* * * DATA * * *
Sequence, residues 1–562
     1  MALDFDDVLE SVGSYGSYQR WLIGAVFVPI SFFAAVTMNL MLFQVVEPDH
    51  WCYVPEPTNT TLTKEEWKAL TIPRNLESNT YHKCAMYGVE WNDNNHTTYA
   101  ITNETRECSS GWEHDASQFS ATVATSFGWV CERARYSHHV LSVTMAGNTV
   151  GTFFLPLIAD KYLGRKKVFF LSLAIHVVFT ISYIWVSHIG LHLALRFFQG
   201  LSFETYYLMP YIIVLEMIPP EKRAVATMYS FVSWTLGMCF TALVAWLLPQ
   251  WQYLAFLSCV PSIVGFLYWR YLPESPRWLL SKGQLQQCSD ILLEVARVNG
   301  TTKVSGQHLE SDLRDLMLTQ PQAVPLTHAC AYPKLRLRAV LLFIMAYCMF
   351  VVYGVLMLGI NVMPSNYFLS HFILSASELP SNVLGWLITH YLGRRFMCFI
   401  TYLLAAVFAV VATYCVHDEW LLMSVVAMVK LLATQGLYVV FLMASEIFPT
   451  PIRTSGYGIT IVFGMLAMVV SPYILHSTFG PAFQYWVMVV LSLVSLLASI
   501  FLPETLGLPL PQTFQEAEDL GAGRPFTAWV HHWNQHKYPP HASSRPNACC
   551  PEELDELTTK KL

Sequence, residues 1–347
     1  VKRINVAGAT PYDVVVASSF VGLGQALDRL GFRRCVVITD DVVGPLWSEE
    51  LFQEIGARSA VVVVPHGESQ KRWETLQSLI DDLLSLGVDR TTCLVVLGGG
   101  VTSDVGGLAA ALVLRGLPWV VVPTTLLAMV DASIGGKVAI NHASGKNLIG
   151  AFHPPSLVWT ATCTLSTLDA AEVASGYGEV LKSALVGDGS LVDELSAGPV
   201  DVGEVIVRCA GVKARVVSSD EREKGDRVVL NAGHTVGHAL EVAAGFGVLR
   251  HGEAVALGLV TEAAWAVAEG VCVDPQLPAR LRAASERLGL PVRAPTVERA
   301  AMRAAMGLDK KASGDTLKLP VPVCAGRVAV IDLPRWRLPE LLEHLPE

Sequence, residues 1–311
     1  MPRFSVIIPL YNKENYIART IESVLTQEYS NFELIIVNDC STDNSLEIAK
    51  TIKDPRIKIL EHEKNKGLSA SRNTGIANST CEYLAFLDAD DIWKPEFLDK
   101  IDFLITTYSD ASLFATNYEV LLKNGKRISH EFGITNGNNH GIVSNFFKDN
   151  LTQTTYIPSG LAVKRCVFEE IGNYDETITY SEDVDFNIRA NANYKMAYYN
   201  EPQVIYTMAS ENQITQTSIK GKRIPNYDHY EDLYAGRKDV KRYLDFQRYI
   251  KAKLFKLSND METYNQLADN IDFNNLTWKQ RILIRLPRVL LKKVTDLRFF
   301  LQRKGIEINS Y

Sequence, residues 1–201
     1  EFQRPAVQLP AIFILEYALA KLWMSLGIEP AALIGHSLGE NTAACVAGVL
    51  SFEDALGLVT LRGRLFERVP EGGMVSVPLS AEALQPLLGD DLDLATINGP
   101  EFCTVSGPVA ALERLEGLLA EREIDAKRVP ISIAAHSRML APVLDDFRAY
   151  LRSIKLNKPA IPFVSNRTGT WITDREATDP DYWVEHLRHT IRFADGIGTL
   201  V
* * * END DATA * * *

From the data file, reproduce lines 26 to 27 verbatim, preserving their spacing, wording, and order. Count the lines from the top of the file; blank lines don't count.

   151  LTQTTYIPSG LAVKRCVFEE IGNYDETITY SEDVDFNIRA NANYKMAYYN
   201  EPQVIYTMAS ENQITQTSIK GKRIPNYDHY EDLYAGRKDV KRYLDFQRYI